Astronauts: when you’re not that high

Astronauts – When You’re Not That High (expand your own)

12 ″ / DL

Outside now

The new version of Astronauts lives up to the claim to be the best band. For fans of dubbed punk rock, chemical beats and a festival vibe.

The eternal Mark Astronaut and his support group are back. He is one of the performers who, over the years, have always been there. The popularity of astronauts seems to rise and fall, but with a core of people enjoying what they are doing. They almost have cult status and are beyond easy definition. One leg in the anarcho-punk camp and another in the free festival circuit, just like their early label mates The Mob and travel buddies Zounds, they also incorporate elements of folk and psychedelia to create an ethereal sound. In a previous attempt to capture the riddle of the astronauts, I said that they “conjured up crispies with [Special] Hand brew and festivals when they were counter-cultural events.

Grow Your Own says this outing is 23 minutes if the astronauts are at their best and I should agree. What I hear from the record as a whole is a thoughtful look at how the hedonism and hope of the past 3 decades have gone wrong.

The opening track Heresy is, in my opinion, the outstanding song of the 4 featured on that extra 12 inch drive. If I was until this song was part of the set for sure. The backing track is very much in the tradition of the punks dubbing it and playing reggae properly – the experts being The Ruts. It also reminds me of the Angelic Upstarts track that I understand. It’s upbeat, the bass and drums lock in to keep him going. There are some echo effects and overall it has a flavor of the 80s / 90s dubby festivals, AOS3, RDF and PAIN.

The heresies summarized are the loss of sharing common resources and the community, meaningless rock’n’roll antics that are ‘shame on the stage’, and Tony Blair’s lies betraying pro-war socialism. (both lateral and war on the poor). As the songs draw to a close, the snare drum resonates and there is a dub cover with the mellow tones of Chris Bowsher from RDF / Military Surplus / Faction.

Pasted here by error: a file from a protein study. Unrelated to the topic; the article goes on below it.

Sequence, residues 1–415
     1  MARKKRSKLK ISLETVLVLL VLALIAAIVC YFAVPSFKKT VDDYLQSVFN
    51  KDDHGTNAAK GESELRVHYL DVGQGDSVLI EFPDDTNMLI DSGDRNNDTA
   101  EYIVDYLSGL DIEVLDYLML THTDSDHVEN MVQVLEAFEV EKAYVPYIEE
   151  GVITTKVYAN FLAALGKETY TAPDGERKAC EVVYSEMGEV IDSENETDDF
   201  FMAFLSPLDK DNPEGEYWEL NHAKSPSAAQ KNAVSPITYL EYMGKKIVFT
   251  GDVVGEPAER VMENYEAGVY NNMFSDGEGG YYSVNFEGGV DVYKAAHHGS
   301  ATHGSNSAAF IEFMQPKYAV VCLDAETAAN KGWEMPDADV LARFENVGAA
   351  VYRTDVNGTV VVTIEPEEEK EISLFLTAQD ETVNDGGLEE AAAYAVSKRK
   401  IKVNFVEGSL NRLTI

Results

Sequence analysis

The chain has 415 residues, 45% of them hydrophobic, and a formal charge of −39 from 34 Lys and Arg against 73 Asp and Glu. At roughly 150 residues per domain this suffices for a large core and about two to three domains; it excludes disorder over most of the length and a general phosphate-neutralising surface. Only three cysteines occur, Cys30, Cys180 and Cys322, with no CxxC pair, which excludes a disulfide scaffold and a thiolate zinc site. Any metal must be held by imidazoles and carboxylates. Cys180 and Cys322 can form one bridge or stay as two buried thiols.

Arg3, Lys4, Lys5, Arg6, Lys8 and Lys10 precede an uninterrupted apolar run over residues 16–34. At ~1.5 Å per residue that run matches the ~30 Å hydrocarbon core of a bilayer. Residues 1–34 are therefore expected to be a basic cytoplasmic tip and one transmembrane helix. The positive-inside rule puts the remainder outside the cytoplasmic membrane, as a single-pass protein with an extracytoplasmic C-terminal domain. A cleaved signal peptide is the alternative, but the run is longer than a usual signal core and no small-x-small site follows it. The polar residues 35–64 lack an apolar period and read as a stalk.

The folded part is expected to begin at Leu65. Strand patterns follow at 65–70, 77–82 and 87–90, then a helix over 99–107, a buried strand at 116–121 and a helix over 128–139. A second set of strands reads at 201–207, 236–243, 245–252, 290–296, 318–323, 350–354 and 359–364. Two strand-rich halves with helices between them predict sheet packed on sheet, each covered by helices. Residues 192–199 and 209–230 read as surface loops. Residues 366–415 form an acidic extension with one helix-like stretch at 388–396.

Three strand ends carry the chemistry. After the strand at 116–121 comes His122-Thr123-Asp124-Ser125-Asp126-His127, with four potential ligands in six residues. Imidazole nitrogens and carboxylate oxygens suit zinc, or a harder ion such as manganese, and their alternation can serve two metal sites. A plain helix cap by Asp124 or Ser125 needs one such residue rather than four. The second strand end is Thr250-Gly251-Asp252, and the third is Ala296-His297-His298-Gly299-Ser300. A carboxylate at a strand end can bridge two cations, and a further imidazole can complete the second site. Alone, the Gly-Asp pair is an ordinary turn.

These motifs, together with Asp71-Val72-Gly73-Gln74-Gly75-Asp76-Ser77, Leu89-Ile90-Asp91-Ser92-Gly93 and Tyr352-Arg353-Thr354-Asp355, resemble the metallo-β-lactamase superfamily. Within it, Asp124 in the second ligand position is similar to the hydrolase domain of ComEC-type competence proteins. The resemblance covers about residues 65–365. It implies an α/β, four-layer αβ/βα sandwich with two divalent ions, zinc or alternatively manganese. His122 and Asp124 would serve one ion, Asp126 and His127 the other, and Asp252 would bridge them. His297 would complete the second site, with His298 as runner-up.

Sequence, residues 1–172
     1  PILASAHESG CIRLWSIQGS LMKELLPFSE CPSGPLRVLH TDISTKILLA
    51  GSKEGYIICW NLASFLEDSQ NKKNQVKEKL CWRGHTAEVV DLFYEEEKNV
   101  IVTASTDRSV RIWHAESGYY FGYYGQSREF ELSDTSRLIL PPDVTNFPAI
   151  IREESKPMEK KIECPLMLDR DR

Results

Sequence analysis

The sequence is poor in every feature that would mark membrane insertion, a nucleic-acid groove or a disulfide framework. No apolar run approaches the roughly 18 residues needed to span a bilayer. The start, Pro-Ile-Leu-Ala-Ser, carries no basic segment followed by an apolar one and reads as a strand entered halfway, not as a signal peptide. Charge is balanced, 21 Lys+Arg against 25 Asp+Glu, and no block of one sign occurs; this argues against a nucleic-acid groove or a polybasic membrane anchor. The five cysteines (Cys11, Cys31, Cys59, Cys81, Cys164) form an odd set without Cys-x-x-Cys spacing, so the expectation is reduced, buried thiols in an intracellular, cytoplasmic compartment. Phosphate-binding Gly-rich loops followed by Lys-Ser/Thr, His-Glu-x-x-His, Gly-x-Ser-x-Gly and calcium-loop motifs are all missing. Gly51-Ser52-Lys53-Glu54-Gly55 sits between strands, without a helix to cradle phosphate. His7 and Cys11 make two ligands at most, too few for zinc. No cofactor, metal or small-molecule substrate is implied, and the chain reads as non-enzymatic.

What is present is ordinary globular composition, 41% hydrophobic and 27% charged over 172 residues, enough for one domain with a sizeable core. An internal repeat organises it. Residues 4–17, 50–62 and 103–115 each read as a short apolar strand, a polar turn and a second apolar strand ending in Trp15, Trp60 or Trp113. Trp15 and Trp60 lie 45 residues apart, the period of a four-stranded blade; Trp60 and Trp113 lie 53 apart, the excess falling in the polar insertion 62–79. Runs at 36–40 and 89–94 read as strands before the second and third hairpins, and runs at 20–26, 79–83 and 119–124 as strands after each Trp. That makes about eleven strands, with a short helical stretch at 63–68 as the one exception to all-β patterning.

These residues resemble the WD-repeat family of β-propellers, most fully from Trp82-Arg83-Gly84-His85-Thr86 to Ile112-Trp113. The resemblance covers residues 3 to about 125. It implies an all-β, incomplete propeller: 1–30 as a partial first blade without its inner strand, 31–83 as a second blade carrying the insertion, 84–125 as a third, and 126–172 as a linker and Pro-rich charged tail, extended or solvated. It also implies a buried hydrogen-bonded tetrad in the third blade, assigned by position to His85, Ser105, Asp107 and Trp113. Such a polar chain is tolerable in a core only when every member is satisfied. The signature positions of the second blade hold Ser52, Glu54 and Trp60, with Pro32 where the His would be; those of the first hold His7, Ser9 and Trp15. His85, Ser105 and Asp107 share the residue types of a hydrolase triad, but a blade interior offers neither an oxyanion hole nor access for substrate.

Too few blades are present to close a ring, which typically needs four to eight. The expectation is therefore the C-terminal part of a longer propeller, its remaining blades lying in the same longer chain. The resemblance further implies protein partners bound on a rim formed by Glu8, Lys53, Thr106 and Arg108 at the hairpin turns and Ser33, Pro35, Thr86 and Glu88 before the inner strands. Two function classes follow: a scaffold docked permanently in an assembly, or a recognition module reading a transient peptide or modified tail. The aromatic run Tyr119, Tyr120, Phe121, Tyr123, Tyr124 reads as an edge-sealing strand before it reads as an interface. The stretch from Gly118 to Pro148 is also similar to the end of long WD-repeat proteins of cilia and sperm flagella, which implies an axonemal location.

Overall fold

Have It is dancing in a different way with drums mimicking the repetitive rhythms of a rave sound system during vocal delivery. A groovy keyboard offers a lot of bounce in the interlude between words. Despite the fact that he seems to bemoan the dark side of what ultimately happened to some of the fun-loving rave generation, it still looks cheerful. “A punchy tune, a chemical rhythm. The weekends were so fun. Now you are wondering what it was like to have him big in a field in Kent.

to listen Heresy speak Astronauts

High is a very standard fare from The Astronauts. It oscillates between a low-key indie and a roaring garage punk with little flourishes during the quiet parts and superb backing vocals. Maybe there’s even a touch of the here and now in there. Sex and drugs but no rock ‘n’ roll – the song paints a nightmarish picture of abusive behavior. And there is a descent. “What are you going to do when you’re not that high?” “

Melissa’s Party starts off to a floating sound with a strongly echoing guitar (that’s a delay for you technical types) before a softly plucked and clucky guitar accompanies softly intoned words. There is an overwhelming emphasis on line endings or keywords with keyboards and cymbals. When the song picks up, it has a pounding drive. It’s the perfect song to showcase the full range of Mark’s poetic vocals. Bass and drums slowly crawl like a malicious entity invading happy space. More nightmarish scenarios abound. “Where all the cakes are coated with charlie and all the spirits are mixed with strychnine,” Melissa’s Party quickly goes wrong as one of the participants stops breathing. “And now the party is getting hectic. They’re going to sacrifice a junkie and dance until they all go crazy “

Mark’s performance, as always, goes from poetry to song, from lament to exasperation to anger. This shift in speed maybe gives it more gravity than a group that is angry all the time.

The striking cover and insert looks like a watercolor, but I gleaned from the Facebook chats that it was actually a clever photo taken by Steph from GYO / Anthrax / Hagar The Womb.

Available from Develop your own records


Lyrics by Nathan Brown. Discover his archives of Louder Than War authors.

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